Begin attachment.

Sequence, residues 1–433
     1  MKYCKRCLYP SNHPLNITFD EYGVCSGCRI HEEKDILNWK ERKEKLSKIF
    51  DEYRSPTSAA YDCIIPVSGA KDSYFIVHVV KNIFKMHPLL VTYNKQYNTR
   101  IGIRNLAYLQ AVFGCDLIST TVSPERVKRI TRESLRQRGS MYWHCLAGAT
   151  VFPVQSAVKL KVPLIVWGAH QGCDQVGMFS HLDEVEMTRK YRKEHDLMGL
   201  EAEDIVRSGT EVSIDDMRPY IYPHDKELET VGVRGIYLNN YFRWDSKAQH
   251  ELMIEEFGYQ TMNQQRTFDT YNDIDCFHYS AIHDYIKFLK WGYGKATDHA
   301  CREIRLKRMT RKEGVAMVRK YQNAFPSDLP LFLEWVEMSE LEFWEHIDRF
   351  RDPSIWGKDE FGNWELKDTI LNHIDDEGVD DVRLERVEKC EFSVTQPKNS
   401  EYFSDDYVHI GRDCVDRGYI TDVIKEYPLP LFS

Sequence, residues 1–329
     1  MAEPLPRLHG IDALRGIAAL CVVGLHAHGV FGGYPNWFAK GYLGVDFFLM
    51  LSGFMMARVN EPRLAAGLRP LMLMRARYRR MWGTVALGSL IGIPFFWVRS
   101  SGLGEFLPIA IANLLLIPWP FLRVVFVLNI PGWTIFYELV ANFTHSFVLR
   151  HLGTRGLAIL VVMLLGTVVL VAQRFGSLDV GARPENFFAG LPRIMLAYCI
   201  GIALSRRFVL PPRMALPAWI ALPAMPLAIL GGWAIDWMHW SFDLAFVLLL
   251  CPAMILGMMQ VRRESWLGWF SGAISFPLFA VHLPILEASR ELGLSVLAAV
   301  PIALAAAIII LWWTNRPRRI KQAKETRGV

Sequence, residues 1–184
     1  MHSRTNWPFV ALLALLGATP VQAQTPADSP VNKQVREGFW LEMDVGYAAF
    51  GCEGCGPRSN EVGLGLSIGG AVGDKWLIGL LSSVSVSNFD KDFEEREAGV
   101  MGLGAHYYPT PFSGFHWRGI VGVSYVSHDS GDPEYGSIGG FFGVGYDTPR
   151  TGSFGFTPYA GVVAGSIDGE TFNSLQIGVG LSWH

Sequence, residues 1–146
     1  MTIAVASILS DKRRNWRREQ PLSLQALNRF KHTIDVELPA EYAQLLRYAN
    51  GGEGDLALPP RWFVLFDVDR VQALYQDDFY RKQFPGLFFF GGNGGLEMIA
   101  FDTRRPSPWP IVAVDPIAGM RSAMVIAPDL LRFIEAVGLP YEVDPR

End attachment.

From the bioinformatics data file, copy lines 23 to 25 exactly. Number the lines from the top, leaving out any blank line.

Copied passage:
   151  TGSFGFTPYA GVVAGSIDGE TFNSLQIGVG LSWH

Sequence, residues 1–146
     1  MTIAVASILS DKRRNWRREQ PLSLQALNRF KHTIDVELPA EYAQLLRYAN